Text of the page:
In your character’s world there are bound to be special languages, codes, terminology. What is celebrated in your world? How? What are the rites of passage? Of marriage? Of death? Do they celebrate with dance? Maybe the Minuet, a Stomp Dance, a Polka, or the Virginia Reel? Do they sing or chant? Do they celebrate with food? What do they eat? Gruel, jellied eels, oatcakes, terrapin stew, pheasant under glass? Or maybe, like the French of the 1500’s, they feed oceanic bottom dwellers to prisoners—who grew fat on lobster. Are there legendary places in your world? Is there a Lover’s Lane, a Haunted House, an Enchanted Forest, a safe place to go or somewhere no one will venture? Is there an unsolved mystery people can’t forget? Or abiding danger they can’t ignore? What are the local delicacies? Vices? Do they drink, smoke, gamble? The ancient Mayans (I think) would gamble their families and even themselves on a bet. Does your character enjoy these things or not? Why? What does your character find wonderful about this world? Intolerable? What is funniest thing that’s ever happened in your story world? What about this place bothers your character? What does s/he love? What does s/he hate? What makes your character long to leave? What holds them in place? What would they give up to stay or leave?
One thing is for sure: at this point we are far from a mere description of how the place looks.
This is all emotional stuff, created by what we feel when we dwell in your story. The more we feel, the more we experience, the more alive and real and memorable your story world will become. When we have highly emotional experiences in a story world it comes alive on the page. We hate to leave it and can’t wait to return.
What else do we need to know about Historical Fiction? How about the FOURTH PITFALL, which is really more of a good/bad problem than a pitfall: Historical events and people are fundamental plot elements that anchor the structure of your plot. But these same historical events are restrictive. They demand to be included. You have to follow the script.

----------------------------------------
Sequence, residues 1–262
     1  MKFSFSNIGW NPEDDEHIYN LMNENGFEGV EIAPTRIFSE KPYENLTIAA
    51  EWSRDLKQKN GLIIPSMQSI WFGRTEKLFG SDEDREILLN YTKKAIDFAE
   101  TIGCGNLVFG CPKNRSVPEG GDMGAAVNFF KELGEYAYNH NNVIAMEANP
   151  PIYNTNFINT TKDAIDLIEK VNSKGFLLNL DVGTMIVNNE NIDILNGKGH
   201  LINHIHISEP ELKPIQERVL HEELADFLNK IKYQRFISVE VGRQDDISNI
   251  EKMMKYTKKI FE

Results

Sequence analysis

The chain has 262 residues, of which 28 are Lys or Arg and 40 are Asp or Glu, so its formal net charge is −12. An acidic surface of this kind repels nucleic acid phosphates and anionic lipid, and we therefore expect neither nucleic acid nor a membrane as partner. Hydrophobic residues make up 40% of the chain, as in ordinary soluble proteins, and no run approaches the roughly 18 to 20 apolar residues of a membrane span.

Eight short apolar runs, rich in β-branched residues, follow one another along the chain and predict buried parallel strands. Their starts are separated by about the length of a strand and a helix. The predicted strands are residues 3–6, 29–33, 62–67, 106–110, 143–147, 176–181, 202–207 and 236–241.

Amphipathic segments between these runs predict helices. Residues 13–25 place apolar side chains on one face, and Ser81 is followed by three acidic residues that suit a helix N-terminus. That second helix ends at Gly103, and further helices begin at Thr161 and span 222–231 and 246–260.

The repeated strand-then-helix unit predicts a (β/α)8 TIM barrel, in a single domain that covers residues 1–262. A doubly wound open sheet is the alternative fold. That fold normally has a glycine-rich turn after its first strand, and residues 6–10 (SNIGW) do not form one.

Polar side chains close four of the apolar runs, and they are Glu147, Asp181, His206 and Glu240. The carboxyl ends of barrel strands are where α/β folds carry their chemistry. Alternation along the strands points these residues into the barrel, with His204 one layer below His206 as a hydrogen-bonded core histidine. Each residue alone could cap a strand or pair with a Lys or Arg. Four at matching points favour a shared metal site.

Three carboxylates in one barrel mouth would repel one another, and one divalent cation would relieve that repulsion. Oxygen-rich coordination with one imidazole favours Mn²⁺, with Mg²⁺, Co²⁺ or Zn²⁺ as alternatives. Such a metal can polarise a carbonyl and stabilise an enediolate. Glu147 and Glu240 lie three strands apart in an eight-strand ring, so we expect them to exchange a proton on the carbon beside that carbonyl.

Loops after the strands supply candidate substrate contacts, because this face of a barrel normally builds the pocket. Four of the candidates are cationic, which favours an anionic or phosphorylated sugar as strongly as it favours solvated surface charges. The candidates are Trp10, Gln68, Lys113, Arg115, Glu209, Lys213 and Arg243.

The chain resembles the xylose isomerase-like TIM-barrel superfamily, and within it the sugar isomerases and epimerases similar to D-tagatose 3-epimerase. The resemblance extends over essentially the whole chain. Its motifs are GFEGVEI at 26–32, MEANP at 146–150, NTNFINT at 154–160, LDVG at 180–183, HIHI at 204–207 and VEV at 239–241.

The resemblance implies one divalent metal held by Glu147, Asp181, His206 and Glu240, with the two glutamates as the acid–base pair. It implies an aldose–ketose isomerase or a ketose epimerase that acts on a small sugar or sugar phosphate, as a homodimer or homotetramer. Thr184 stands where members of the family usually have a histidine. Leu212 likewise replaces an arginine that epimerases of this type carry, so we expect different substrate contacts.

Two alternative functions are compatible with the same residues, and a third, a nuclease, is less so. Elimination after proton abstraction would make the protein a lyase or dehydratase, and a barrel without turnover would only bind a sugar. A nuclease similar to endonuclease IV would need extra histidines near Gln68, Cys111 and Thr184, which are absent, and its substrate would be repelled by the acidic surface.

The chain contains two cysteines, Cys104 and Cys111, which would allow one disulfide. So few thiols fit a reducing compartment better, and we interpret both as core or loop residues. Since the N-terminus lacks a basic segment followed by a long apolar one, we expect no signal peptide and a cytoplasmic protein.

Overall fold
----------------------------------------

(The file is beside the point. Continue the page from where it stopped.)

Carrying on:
Do you have leeway in changing the historical facts? Of course—it’s Historical Fiction! When can you change facts? Once again, it’s up to you. But don’t be careless with it. I suggest you only change the history when doing so will enhance the story, for good, specific reason(s). And remember, any fictional elements have to be reasonable and possible.
Oftentimes authors add an Historical or Author’s Note at the end of the novel when they toy with the facts, explaining what they have changed and why. The Notes might also include other elements, like further reading or additional information. Or all those cool historical nuggets they had to leave out of the story.
Sometimes, at the beginning of a book, an author might also add maps or reference lists for clarification or to keep the reader grounded. Bernard Cornwell does that in his Saxon series, with a list of medieval place names and their corresponding modern ones. Due to the number of confusing Native American and English names in my story, I did something similar.
Do you use real names and places? You can or not, it’s up to you. Whereas modern people can be offended or bring lawsuits, historical figures are usually considered in the public domain and thus, fair game.